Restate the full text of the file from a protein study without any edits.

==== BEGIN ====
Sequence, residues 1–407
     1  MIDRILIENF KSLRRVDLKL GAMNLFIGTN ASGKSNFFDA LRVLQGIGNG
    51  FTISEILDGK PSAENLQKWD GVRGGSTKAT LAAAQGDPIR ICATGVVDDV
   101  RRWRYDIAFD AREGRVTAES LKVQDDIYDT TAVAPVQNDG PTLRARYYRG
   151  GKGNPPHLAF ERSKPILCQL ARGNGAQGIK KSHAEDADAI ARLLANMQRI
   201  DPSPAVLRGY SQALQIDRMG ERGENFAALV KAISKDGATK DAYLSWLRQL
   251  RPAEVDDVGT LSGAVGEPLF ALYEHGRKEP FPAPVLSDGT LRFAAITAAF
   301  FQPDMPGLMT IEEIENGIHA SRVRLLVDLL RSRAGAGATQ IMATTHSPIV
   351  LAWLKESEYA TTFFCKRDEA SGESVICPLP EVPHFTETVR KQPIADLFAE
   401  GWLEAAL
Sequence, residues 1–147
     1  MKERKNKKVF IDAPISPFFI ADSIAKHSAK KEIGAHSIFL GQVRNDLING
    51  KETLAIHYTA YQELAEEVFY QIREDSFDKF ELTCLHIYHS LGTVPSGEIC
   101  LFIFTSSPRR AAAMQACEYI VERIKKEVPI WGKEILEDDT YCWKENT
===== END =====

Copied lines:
Sequence, residues 1–407
     1  MIDRILIENF KSLRRVDLKL GAMNLFIGTN ASGKSNFFDA LRVLQGIGNG
    51  FTISEILDGK PSAENLQKWD GVRGGSTKAT LAAAQGDPIR ICATGVVDDV
   101  RRWRYDIAFD AREGRVTAES LKVQDDIYDT TAVAPVQNDG PTLRARYYRG
   151  GKGNPPHLAF ERSKPILCQL ARGNGAQGIK KSHAEDADAI ARLLANMQRI
   201  DPSPAVLRGY SQALQIDRMG ERGENFAALV KAISKDGATK DAYLSWLRQL
   251  RPAEVDDVGT LSGAVGEPLF ALYEHGRKEP FPAPVLSDGT LRFAAITAAF
   301  FQPDMPGLMT IEEIENGIHA SRVRLLVDLL RSRAGAGATQ IMATTHSPIV
   351  LAWLKESEYA TTFFCKRDEA SGESVICPLP EVPHFTETVR KQPIADLFAE
   401  GWLEAAL
Sequence, residues 1–147
     1  MKERKNKKVF IDAPISPFFI ADSIAKHSAK KEIGAHSIFL GQVRNDLING
    51  KETLAIHYTA YQELAEEVFY QIREDSFDKF ELTCLHIYHS LGTVPSGEIC
   101  LFIFTSSPRR AAAMQACEYI VERIKKEVPI WGKEILEDDT YCWKENT